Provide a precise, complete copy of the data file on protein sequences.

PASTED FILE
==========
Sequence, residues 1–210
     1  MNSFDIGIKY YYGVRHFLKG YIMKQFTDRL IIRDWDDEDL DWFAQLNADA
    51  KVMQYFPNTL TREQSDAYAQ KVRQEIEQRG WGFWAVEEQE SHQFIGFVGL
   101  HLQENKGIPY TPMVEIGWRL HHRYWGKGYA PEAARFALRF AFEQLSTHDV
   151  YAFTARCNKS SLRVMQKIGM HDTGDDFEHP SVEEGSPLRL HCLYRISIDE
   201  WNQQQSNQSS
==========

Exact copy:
Sequence, residues 1–210
     1  MNSFDIGIKY YYGVRHFLKG YIMKQFTDRL IIRDWDDEDL DWFAQLNADA
    51  KVMQYFPNTL TREQSDAYAQ KVRQEIEQRG WGFWAVEEQE SHQFIGFVGL
   101  HLQENKGIPY TPMVEIGWRL HHRYWGKGYA PEAARFALRF AFEQLSTHDV
   151  YAFTARCNKS SLRVMQKIGM HDTGDDFEHP SVEEGSPLRL HCLYRISIDE
   201  WNQQQSNQSS